I think that at times I felt invisible and I have cowered within. I have at times been very shy and held my opinions within. I have never really thought of a time where my race was the cause of my invisibility. I think my experiences are quite the opposite. A lot of people are quick to judge based on my race and stereotypes that they think about Asians. I think YIA is a great opportunity that promotes acceptance and conformability. YIA allowing youth to share their stories, practice leadership and create change in their communities helps them become aware of themselves and others. YIA helps youth create a positive change and that is necessary for youth. Giving youth leadership roles at this age help them make positive decisions and give them a chance to dictate their lives in a world where most decisions are usually made for them. When I think of YIA, I think of the quote “Be the change you wish to see in the world”, I think that youth are going up to be huge contributors to the world and giving them the opportunity so early on to learn leadership and get comfortable in their voice and opinions will help them be impacting members of society. YIA is helping their youth to refuse to be invisible.

Tuesday, September 22, 2015

Inventory Quiz

I identify with "Risk, Resiliency and Prevention" which doesn't surprise me at all after reading the ideology horoscope. I scored a 15 in Risk, Resiliency and Prevention, an 11 in Positive Youth Development and a 10 in Critical Youth Development. I'm surprised my A and B results were not closer together since I do identify with those characteristics as well. The key questions of individual who identifies as Risk, Resiliency and Prevention are: How can we decrease overall rates of: Teen pregnancy; Violence; School failures; Drug use; Gang activity? I do agree with the main beliefs on the ideology horoscope. "Teens’ brains are not fully developed, and so teens do not always make the “best” decisions. Children and teens need specific coaching in how to make good choices for themselves. Urban youth lack “cultural capital.”" Teens and youth do not always make the best decisions because they don't think of all the consequences. Their brains aren't fully developed and some of the poor decisions they make greatly effect the rest of their development (drug and alcohol abuse). Some youth will give in to peer pressure and that puts them in greater danger than an individual who is developed and mentally, physically and emotionally ready to make any decision that could change their lives. Youth should be educated and well informed on all topics that they could face at their appropriate age and understanding to help prevent dangerous, life changing events from occurring. Granted not everything is preventable, but being educated can help the events that are. Some people believe that if you ignore certain topics like sex, drugs and alcohol with youth then they will not be affected and that just isn't the case in today's world. Youth are being taught all about this in the media and unfortunately it isn't always in the best way and if that's all they see then they'll think it's normal to participate in things like this and potentially change their lives forever.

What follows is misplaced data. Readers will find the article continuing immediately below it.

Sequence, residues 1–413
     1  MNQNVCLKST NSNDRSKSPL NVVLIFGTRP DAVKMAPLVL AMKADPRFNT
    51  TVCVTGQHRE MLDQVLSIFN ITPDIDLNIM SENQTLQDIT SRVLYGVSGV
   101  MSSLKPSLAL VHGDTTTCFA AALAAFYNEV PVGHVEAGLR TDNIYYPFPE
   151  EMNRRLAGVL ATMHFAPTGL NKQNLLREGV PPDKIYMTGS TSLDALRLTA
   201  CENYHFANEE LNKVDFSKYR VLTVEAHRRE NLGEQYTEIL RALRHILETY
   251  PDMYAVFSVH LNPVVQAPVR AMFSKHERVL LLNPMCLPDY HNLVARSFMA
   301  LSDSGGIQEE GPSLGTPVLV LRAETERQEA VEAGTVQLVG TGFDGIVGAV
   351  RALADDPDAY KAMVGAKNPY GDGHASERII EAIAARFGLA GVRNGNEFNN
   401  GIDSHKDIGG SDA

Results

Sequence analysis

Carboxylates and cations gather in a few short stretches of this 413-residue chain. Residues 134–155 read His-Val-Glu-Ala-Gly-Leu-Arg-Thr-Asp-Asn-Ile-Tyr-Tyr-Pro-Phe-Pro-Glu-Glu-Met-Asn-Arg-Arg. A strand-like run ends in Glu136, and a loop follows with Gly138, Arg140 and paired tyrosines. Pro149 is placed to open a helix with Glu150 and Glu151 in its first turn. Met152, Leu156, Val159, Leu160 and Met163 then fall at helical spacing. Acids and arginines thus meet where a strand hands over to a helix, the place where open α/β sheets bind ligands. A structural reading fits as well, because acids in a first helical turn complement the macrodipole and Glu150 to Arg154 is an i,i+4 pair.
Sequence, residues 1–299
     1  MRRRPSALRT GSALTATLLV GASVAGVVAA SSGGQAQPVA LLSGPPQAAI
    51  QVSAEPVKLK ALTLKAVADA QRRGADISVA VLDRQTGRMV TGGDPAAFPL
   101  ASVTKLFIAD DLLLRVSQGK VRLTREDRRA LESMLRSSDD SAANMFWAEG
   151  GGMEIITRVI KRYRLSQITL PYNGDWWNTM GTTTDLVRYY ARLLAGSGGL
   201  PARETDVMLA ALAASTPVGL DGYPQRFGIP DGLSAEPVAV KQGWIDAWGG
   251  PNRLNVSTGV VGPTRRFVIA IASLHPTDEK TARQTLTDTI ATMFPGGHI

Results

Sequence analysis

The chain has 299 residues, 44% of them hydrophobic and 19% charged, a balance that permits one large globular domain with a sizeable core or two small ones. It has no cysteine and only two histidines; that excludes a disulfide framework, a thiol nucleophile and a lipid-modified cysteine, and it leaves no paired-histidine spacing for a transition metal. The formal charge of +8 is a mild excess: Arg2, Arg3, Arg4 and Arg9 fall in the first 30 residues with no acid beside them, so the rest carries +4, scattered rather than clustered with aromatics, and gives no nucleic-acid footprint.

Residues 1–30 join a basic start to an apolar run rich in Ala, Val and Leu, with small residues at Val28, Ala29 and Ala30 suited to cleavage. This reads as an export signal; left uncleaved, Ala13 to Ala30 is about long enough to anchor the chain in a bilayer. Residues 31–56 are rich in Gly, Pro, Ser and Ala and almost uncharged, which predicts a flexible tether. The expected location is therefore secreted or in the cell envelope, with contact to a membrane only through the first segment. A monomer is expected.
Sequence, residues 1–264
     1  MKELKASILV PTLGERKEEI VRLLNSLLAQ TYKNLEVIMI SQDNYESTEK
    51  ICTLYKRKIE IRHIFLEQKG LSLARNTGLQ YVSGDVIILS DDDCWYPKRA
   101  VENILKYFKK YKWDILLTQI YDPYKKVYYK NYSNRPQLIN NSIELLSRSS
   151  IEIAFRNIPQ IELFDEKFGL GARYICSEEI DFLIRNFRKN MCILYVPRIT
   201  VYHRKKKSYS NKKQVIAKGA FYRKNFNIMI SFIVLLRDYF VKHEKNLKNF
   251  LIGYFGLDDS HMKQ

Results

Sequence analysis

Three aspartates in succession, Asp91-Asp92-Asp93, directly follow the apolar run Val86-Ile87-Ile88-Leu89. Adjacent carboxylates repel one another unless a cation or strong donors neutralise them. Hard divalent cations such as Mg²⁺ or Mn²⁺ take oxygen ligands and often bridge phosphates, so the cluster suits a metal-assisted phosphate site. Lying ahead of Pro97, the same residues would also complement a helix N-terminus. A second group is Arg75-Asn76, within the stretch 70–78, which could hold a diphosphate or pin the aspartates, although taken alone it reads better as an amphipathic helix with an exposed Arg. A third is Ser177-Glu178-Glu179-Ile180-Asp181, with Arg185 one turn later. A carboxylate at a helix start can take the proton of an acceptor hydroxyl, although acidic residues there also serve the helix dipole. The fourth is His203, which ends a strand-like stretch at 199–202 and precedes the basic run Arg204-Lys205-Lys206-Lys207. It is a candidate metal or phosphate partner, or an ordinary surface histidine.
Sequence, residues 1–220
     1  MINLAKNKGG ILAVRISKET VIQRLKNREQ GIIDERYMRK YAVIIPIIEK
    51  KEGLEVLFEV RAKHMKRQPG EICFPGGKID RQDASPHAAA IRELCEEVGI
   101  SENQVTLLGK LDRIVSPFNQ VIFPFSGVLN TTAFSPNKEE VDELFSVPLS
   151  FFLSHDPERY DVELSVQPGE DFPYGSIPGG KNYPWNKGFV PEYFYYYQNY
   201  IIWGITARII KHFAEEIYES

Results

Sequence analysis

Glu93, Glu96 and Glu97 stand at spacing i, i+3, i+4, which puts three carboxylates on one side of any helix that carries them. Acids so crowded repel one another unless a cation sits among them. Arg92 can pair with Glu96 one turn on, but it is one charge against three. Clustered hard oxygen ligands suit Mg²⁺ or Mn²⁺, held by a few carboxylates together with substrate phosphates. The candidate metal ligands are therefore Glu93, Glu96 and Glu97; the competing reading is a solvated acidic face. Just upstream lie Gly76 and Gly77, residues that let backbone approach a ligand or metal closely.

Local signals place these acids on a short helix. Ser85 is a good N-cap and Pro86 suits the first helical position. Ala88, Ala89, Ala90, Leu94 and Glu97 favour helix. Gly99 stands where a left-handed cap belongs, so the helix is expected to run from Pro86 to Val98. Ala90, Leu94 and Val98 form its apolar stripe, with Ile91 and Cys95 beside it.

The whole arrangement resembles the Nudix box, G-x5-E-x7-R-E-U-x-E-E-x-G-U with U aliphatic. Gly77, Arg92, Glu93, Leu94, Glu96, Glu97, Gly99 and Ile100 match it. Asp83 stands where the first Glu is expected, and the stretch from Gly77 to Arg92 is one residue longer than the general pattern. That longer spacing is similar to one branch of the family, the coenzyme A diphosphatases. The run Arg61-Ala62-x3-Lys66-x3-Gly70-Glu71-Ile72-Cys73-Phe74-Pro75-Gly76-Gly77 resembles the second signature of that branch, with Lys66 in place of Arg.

Monday, September 14, 2015

A World Where Youth Hold the Power

A World Where Youth Hold the Power is a compilation of different point of views of those impacted or participating in Youth in Action. A key note is that the youth are a key factor is the major decisions of the organization and are a main component of its success. The article states that. “It’s critical for young people to be at the center of change in every community.” Youth need to be aware of society and be the frontrunners to help create change in their communities. Youth in Action is described to have different dynamic that can change the atmosphere of its participants. It is said that Youth in Action has a different mindset, learning processes, dynamics and perspective that can greatly impact the involvement of the youth involved.
Key elements of Youth in Action told by their members
-      A space for youth to thrive and create change
-      To promote a new definition of youth
-      Youth and adults are growing together
-      To create opportunities that regularly engage the practice of disagreement
-      To focus on learning and speaking the truth even when it is difficult
Youth in Action creates an open atmosphere for all youth to be able to share their feelings and create a better environment for themselves and gain confidence in themselves and their opinions.
Youth and adults growing together
          Described a process called “Plus Delta Hot Seat” which an exercise used to describe ones strengths and openly provide constructive criticism. The activity is not used to intentionally hurt one’s feelings put to shine light on areas that need help and start conversations on how to work out the current problems.
Giovanni Larracuente calls himself lucky enough to find YIA early because he developed a confidence about himself and his opinions. Giovanni also discusses that schools are missing the interpersonal relationships between student and teacher.